An’ggrath is a big winner, even if he remains a bit too expensive for what he provides. Dropping from 888 points to 550 points is great, as is gaining a sweep profile for his axe in melee, but he’s just not quite there yet. If you were running a melee Knight, An’ggrath now compares favorably and provides more value in that role, but melee Knights are not something that competitive Daemons lists benefit from souping in.

The issue with An’ggrath is that for less than an additional 95 points, you could bring a Khorne Daemons Patrol consisting of two Bloodthirsters and a 20 strong Bloodletter bomb that will provide more offensive threats and significantly more versatility. An’ggrath is certainly a playable option now, but the lack of improvements on his ability to get into combat will continue to hamper him.

Zarakynel (7/10)

Zarakynel is the only Daemon Lord of War to receive not only a points drop, but also a signficantly upgraded datasheet. She received two big durability buffs, getting a permanent -1 to Hit (which finally provides her with some ranged protection she desperately needed) along with the ability to heal d6 Wounds at the end of any Fight phase where she slays any non-Vehicle models. Her claws also now provide 6 additional attacks instead of just being another melee option, and she kept the Mortal Wound generation on her sword. She also received the 14″/12″/10″ Movement of her Keepers of Secrets sisters, instead of capping out at 12″ of Movement previously.

I love, love, love this datasheet. Which makes it an absolute shame that she is almost impossible to justify running competitively.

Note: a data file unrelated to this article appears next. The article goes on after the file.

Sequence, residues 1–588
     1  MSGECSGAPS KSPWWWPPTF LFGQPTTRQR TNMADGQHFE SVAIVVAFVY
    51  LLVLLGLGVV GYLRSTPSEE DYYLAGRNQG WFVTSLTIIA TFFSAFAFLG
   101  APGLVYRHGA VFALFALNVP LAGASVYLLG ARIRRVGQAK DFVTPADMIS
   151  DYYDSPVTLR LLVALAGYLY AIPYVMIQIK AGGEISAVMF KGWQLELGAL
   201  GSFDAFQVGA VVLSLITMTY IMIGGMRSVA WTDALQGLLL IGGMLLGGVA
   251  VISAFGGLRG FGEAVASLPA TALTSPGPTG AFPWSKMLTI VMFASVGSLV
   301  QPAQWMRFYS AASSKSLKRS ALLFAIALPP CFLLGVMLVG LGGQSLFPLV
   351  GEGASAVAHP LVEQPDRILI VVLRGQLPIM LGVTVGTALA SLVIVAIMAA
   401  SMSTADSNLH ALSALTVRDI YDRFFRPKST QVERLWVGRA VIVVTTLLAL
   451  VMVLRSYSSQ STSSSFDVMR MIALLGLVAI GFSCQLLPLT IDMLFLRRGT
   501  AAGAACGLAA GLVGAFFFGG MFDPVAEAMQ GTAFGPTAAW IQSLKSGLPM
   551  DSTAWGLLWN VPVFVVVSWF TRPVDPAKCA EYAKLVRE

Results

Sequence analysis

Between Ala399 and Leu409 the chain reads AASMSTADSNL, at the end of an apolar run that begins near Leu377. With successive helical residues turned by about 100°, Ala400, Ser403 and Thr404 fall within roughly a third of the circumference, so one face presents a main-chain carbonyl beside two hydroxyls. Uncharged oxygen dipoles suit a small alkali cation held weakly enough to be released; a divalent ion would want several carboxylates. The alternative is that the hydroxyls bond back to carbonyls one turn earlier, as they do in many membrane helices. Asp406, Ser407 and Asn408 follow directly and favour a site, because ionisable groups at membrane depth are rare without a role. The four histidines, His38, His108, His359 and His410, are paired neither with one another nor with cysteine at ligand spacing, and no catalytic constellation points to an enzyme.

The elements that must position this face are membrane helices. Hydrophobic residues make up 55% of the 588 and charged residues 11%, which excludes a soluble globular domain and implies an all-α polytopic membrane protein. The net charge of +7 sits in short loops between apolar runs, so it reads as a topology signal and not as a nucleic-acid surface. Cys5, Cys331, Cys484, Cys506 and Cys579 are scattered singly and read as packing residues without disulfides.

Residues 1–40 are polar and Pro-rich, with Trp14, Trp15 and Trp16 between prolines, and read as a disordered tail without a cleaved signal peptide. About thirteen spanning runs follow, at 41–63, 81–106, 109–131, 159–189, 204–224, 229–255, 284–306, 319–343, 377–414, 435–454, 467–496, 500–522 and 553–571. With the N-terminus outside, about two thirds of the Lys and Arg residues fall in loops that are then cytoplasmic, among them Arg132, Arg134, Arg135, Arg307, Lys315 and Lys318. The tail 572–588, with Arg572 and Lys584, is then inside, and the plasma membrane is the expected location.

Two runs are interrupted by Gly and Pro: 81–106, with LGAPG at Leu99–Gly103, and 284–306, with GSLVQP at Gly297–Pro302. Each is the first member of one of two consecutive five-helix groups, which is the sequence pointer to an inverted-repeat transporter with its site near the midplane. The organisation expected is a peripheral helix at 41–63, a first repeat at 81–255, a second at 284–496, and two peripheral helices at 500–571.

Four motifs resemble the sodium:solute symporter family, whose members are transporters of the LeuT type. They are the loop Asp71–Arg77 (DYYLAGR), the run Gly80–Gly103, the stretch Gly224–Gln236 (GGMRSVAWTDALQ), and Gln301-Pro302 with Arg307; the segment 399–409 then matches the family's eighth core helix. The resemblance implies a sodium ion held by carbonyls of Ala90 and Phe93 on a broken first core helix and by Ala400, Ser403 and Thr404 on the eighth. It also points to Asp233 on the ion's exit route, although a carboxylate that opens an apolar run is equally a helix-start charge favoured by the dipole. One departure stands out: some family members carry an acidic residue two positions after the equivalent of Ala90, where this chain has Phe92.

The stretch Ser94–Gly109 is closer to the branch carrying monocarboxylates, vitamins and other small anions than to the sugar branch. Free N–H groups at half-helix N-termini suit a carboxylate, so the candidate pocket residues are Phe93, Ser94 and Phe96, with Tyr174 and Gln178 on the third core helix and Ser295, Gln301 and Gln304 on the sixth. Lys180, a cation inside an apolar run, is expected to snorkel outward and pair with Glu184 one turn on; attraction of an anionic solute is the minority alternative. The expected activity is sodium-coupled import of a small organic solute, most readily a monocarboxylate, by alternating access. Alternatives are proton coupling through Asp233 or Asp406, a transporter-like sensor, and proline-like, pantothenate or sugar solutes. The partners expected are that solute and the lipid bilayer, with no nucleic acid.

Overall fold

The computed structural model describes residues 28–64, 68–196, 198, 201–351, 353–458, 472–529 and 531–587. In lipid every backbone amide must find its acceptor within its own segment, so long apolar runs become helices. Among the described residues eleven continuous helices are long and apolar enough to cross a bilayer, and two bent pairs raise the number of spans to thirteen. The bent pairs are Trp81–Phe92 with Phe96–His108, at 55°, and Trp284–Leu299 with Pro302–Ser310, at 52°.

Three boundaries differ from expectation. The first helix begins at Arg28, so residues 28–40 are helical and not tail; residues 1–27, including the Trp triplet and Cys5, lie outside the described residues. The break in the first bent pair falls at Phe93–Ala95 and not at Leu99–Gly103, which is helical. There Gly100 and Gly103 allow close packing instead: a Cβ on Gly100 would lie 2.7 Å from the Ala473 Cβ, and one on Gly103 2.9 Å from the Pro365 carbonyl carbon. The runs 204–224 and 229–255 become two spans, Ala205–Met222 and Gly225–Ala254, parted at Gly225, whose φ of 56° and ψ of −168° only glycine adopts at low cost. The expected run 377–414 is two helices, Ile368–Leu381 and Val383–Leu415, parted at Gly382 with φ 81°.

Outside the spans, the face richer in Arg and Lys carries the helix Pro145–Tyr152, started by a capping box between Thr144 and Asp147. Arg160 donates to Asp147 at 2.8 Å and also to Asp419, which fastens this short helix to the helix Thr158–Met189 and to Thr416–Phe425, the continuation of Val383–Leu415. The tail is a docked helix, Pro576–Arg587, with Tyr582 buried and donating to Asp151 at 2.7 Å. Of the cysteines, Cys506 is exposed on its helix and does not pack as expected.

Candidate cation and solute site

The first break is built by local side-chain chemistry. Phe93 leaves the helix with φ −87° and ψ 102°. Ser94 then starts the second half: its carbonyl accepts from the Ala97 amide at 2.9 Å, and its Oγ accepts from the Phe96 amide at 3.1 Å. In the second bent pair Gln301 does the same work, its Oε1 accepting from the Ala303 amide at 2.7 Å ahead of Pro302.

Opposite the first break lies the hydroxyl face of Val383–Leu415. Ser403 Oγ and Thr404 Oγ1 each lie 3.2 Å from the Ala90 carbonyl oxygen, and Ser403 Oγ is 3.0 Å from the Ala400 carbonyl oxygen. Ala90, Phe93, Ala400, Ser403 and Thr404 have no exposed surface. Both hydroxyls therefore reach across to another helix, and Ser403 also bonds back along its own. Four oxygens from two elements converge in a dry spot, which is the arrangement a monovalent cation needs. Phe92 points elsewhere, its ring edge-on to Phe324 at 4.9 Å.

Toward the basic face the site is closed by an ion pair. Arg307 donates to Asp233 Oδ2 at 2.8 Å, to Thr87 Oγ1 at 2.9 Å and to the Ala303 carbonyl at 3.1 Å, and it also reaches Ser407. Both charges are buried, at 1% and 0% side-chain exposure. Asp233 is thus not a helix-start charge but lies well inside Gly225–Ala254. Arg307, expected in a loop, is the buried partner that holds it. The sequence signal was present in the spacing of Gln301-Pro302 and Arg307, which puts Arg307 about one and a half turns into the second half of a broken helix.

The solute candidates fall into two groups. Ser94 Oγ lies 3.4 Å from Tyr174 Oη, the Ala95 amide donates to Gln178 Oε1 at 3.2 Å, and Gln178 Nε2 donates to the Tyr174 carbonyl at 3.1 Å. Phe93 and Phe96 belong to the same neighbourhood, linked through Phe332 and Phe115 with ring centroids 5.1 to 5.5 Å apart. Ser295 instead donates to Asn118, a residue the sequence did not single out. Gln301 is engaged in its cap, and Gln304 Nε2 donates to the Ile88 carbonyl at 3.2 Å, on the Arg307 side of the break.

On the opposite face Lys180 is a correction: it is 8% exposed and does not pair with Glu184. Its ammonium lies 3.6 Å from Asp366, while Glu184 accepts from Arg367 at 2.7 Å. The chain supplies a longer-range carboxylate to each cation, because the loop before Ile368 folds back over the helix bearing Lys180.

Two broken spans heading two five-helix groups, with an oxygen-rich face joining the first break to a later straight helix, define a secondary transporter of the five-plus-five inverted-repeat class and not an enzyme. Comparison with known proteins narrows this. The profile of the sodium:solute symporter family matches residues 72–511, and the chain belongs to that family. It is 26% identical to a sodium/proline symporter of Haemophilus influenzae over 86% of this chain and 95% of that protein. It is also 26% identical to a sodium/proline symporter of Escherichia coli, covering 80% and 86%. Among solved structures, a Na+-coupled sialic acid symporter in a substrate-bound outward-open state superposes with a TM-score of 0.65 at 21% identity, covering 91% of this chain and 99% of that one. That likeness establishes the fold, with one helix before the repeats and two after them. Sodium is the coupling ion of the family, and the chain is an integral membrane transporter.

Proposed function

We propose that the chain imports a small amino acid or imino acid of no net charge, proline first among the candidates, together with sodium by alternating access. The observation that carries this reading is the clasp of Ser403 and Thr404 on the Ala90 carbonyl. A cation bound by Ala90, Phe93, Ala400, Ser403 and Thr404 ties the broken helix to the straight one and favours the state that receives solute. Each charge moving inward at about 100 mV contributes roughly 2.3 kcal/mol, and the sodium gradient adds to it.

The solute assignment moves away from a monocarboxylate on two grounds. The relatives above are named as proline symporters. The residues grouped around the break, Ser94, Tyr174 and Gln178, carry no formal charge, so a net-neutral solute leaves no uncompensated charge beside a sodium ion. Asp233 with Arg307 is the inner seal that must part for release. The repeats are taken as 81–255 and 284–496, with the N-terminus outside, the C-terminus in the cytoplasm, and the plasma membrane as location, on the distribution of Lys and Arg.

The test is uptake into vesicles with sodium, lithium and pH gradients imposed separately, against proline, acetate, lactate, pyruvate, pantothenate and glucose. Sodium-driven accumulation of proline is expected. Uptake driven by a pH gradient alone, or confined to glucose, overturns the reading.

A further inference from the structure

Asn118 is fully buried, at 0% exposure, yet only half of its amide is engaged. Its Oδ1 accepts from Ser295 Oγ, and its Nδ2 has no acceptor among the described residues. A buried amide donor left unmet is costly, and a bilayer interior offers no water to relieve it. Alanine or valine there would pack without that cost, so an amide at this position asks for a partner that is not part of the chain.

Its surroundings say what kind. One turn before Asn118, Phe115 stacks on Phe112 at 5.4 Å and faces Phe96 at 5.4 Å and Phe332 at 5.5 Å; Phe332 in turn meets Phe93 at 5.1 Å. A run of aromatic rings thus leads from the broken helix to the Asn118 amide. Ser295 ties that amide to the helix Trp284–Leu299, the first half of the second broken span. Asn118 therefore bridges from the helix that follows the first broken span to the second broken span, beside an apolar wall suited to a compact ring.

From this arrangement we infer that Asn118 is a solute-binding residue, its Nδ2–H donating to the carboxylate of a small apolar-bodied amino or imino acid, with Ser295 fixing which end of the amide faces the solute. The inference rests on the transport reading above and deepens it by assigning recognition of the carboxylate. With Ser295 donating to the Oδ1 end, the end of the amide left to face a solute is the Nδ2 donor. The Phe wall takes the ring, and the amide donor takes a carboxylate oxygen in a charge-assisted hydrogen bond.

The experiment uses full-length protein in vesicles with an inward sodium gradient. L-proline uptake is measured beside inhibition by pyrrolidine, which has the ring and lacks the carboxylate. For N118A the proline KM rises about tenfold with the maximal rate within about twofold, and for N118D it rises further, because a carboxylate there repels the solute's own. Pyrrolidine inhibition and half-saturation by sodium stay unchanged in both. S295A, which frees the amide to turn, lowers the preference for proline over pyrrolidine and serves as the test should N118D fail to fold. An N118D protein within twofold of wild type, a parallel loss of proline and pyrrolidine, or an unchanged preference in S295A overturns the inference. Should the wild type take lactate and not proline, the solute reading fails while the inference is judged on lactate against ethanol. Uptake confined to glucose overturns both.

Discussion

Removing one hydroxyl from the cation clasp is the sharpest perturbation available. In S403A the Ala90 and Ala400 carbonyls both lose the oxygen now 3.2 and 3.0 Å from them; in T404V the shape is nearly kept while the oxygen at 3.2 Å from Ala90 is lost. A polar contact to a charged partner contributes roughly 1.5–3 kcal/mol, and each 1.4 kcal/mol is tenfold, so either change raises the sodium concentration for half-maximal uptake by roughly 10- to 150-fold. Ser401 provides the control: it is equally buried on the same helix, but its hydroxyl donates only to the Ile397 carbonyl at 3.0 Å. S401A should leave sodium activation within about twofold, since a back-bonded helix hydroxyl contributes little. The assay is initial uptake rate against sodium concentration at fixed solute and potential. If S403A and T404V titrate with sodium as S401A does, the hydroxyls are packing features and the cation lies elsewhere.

She costs twice as much as a Keeper of Secrets, but just isn’t as valuable as having two Keepers of Secrets with Exalted upgrades. At only 18 Wounds, -1 to Hit just isn’t enough to protect a 450 point model. She needed some sort of intrinsic Feel No Pain/damage reduction–or further points drops–to see the table, not increased killing power from what was already one of the most dangerous datasheets in the game.

Zarakynel is a great note to end on, because she continued the trend of what we have seen with all of the Daemon Lords of War: Greatly improved, a strong option for casual play, but just not providing enough additional value over Greater Daemons with Exalted upgrades to justify running competitively. Daemons players* should still be very happy, as every single unit in the book got much better with their new points costs and datasheets. As always, stay safe and may the Dark Gods bless your rolls.

* Except for people running Samus, who are justified in being disappointed that Samus’s datasheet was removed from the game. At least you now have a really cool looking Daemon Prince model!

5 thoughts on “Review of the 9th Edition Forgeworld Daemons Updates”

    1. Hey Rodolfo, sadly the Plague Toads didn’t get a datasheet. They are now legends. I loved Plague Toads as a concept even though the datasheet wasn’t very strong, I’m sad GW put them to rest.

      I’m going to be converting some into Beast of Nurgle models with some tentacles to add enough height to the profile. They’re too cool to not use!